In January 2014, an outbreak of Ebola haemorrhagic fever hit a number of countries in West Africa. Emergency measures have been taken in the countries affected to bring relief to people suffering from the virus and inform the general public about the disease.
Six neighbouring countries are potentially exposed to the spread of the epidemic, especially in their rural border areas. National prevention campaigns have been launched and some borders have been closed. But despite these measures, misinformation and rumours persist on the ground, one major problem being mistrust of medical personnel. Against this background, after consultation with MSF, UNICEF, anthropologists and radio federations, the "Radio against Ebola" project was launched to support the work of local media in their mission to raise awareness and protect the health of communities.
In collaboration with traditional leaders and medical authorities, in addition to the local information campaign, participating stations include in the health messages they broadcast a cultural dimension to address the specific concerns of their listeners. Respectful of local traditions and customs, these programmes serve as a forum for dialogue and are effective in helping people to change behaviour that could put them at risk.
The training is designed primarily for radio stations located in the areas most exposed to the risk of contamination. To raise awareness among as many radio stations as possible in the region, journalist trainers are identified and trained to work in local radio networks.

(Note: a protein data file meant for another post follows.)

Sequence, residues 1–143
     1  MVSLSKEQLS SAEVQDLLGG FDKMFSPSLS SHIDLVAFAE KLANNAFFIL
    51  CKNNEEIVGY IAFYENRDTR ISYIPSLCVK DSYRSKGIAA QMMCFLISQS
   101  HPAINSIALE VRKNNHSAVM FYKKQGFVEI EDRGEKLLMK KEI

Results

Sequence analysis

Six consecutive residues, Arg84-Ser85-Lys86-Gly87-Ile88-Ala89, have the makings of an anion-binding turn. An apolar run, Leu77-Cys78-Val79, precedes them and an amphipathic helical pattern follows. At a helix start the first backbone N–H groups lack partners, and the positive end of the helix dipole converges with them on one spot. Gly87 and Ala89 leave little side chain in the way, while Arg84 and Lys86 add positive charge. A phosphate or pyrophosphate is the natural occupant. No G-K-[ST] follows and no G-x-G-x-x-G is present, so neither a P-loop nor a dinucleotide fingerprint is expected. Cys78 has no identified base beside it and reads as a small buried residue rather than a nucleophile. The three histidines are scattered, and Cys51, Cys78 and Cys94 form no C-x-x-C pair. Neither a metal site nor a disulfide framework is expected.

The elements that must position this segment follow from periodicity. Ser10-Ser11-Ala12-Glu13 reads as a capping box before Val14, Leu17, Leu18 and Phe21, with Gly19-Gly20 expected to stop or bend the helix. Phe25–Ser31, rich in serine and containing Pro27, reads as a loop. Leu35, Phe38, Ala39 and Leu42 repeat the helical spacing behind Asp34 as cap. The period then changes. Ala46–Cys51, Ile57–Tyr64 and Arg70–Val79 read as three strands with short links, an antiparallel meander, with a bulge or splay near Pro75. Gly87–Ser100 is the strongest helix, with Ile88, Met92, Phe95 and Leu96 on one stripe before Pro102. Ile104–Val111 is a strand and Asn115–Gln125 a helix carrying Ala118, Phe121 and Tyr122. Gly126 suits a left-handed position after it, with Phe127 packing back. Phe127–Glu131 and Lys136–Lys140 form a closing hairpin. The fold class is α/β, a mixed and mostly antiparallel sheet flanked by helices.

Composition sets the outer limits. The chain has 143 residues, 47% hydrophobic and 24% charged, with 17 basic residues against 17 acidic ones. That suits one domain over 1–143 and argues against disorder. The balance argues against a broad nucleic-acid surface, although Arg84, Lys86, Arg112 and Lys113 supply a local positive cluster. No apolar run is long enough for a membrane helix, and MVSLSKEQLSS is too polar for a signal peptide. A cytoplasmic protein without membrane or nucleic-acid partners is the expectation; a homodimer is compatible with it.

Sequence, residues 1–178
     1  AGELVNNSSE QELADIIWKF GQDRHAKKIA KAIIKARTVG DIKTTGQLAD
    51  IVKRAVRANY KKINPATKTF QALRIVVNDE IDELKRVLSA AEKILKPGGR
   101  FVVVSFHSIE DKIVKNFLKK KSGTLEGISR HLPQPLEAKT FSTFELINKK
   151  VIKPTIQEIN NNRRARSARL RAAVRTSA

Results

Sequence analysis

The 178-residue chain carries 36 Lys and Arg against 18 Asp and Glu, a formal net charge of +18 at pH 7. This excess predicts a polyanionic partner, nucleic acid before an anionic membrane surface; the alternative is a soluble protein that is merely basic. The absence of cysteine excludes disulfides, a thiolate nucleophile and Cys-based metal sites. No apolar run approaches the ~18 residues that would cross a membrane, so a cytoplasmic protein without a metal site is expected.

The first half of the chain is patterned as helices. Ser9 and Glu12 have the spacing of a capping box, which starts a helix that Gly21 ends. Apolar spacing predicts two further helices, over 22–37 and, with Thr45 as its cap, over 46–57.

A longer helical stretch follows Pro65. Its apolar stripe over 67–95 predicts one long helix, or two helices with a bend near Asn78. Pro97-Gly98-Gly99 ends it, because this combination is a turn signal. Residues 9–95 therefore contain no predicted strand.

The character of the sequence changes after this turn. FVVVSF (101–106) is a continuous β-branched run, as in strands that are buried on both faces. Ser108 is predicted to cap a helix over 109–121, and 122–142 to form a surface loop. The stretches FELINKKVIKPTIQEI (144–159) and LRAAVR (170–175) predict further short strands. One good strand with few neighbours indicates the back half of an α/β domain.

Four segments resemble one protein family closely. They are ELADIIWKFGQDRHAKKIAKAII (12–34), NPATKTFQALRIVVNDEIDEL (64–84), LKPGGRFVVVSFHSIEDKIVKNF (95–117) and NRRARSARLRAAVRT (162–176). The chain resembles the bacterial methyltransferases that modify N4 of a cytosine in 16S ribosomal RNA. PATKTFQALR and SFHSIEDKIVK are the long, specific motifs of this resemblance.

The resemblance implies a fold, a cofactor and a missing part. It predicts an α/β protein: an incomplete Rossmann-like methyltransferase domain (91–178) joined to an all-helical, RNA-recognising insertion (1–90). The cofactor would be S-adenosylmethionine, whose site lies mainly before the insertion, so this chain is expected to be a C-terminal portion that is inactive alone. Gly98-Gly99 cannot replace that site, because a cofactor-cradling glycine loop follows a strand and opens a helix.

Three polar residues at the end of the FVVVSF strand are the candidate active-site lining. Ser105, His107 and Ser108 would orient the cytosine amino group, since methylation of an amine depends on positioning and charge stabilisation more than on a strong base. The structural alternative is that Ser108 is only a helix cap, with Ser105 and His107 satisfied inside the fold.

In collaboration with local radio federations, eight journalists, two of whom will themselves become trainers, are trained for two weeks in each of the six countries involved in the project.
The first few days of training focus on learning about the disease and consultation with traditional leaders and representatives of the national action committee against Ebola.
The aim is to disseminate clear, reliable, responsible information about the virus, how it is transmitted and how radio can work with health authorities and traditional leaders.
The journalists then receive training on specific aspects involved in the production of a health-based magazine programme, with an emphasis on the need for consistency between the messages conveyed and both national prevention campaigns and local rituals and traditions.
After the initial session, the journalists who are to become trainers receive more specialised training for a further two weeks and learn how to themselves run training courses in the production of a health magazine.
The criteria sought in these local trainers are proven journalism experience, familiarity with medical issues, knowledge of local traditional environments and the ability to pass on knowledge.
Radio federations take care of the organisation of training courses run by the local trainers to pass on their knowledge to other radio stations in the countries concerned. They request funding from local donors, with the support of CFI.